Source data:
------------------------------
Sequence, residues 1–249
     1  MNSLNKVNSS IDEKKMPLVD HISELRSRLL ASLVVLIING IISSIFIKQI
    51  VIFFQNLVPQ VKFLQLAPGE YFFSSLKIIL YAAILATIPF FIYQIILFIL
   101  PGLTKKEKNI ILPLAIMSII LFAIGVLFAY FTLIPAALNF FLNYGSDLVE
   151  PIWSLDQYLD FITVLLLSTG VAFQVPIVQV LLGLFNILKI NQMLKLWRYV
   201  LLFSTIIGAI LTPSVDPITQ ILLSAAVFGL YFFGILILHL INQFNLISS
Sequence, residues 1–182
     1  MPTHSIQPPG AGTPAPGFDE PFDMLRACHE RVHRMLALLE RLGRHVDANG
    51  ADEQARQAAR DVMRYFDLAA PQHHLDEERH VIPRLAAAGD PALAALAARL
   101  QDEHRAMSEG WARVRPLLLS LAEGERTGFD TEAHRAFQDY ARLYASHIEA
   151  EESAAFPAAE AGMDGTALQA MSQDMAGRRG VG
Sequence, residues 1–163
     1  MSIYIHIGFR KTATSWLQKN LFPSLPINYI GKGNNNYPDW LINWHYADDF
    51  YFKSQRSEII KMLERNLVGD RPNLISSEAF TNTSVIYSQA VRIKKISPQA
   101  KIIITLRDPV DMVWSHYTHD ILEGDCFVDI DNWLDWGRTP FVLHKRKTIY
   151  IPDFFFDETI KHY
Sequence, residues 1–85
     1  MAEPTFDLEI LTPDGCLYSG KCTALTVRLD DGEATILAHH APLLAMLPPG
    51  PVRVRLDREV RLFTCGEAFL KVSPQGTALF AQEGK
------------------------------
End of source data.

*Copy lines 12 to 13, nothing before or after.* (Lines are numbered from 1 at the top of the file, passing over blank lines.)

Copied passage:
Sequence, residues 1–163
     1  MSIYIHIGFR KTATSWLQKN LFPSLPINYI GKGNNNYPDW LINWHYADDF